With just six ingredients and one instruction, this family recipe has crossed oceans and bridged divides.
My mother couldn't help herself. “Do you know what would make it even better?” she suggested, hovering over my shoulder while I prepped for Rosh Hashanah last year. “Walnuts! I’m sure everyone will love it.” I was in the kitchen, trying to focus, as I took a stab at baking my great-grandmother’s famous apple cake for the first time. My great aunt Susi had passed along the little index card with the recipe from a box she inherited from her mother, Nanny. The box, and the recipes it holds—scribbled in calligraphy, in English and German—is the sole connection I have to a woman I never met.
Though my great grandmother was German, her apple cake comes from Cuba. Like many Jewish families, hers fled Europe during the Holocaust and landed in Cuba, where they rebuilt their lives. My aunt Susi was born and raised there, until 1955, when they had to flee again—this time for America. “You know, I don’t remember a ton, but there was a large Jewish community in Cuba with many vibrant temples,” Susi recounted as I prodded her for information about this cake’s origin story.
Nanny got this recipe in Cuba from her good friend, Arda, and it quickly became a family favorite. She loved to entertain, so when the High Holidays rolled around, she’d put out a feast of bagels, lox, whitefish salad, quiches, corned beef, all the fixings and, of course, this cake. Family and friends would trickle in after temple to celebrate and have a nosh.
After she passed away in 1981, Susi took over making the apple cake for the holidays, and in the process, created one of the most powerful ways I connect with my Jewish identity. Recently, I've been the one cooking the Rosh Hashanah seder, getting up early to braise the brisket and set the table to make sure clashing family members sit far apart. Last year, I learned to bake this nostalgic cake.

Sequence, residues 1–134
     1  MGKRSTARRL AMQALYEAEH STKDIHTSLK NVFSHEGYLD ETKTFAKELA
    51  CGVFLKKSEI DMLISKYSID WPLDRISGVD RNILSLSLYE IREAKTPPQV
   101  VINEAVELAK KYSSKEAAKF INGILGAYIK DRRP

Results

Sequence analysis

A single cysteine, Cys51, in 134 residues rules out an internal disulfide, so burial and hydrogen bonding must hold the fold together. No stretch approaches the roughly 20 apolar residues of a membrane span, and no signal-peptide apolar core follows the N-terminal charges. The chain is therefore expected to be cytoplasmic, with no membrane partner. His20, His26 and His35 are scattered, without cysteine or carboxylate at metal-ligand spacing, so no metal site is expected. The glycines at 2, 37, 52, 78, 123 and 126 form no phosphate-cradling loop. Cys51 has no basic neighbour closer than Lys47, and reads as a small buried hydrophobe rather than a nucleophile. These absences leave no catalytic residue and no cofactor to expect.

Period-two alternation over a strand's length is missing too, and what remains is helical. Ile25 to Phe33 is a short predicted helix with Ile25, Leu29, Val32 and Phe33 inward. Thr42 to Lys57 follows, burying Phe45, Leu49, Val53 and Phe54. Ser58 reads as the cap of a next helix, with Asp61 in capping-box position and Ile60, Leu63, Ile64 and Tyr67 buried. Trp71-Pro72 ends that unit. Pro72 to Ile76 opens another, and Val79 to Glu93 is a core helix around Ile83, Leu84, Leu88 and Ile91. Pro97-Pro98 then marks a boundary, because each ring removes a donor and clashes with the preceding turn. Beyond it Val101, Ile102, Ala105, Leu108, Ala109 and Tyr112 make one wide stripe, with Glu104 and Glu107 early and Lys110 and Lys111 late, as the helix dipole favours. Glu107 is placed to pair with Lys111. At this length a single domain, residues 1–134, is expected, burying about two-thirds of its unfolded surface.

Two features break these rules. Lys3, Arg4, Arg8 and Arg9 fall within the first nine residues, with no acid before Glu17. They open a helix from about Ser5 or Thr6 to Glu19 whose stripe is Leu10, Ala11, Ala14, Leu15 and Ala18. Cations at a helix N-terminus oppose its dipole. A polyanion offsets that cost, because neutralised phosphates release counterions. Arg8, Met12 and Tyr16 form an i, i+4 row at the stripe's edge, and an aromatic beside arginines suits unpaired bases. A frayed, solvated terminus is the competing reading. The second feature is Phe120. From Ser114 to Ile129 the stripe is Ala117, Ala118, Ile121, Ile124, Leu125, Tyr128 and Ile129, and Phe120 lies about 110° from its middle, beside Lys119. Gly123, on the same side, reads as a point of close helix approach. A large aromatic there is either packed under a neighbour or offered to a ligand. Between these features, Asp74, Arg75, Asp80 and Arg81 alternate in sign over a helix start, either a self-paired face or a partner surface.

Now, to be clear, it’s actually not a cake at all—not in the traditional sense, anyway. Baked in a pie dish, leavened dough is divided so that one portion covers the bottom and the remainder is torn over chopped apples to make a streusel topping. Once baked, it’s a fluffy apple creation that lies somewhere in between a cake and pie, combining the best qualities of both desserts.
The recipe card has no directions, temperatures or times. Past the six ingredients (flour, sugar, baking powder, butter, egg and apples), lies only one nugget of information: "Cover with the same dough like streusel." When I first attempted it, Susi was there to coach me over the phone, sharing her tips and variations. (Nanny loved to swap out the apples for Italian plums, for example, since they’re at peak ripeness around Rosh Hashanah, so I've since made it that way, too.) I tweaked the cake ever-so-slightly, using some cinnamon for warmth, honey for a sweet new year and salt (Ashkenazi kryptonite) because every dessert needs some. At the end of the evening, we sliced into the cake, exposing the soft, custardy apples under the golden crust. It was perfect.
The cake, of course, isn't just another holiday dessert to add to my repertoire. It’s a connection to a family member I never knew. It’s a reminder of the persecution my family had to overcome. It’s a celebration of another year we’ve been able to live freely as Jews. It’s a wish for this upcoming year to be just as sweet. And it's the embodiment of the Hebrew expression, "L’dor V’dor," which means “from generation to generation.”
“Your great-grandmother would be so proud,” Susi assured me after the cake was done. My mother quickly jumped in, “Yes, she would be. But next year, you should really add nuts.”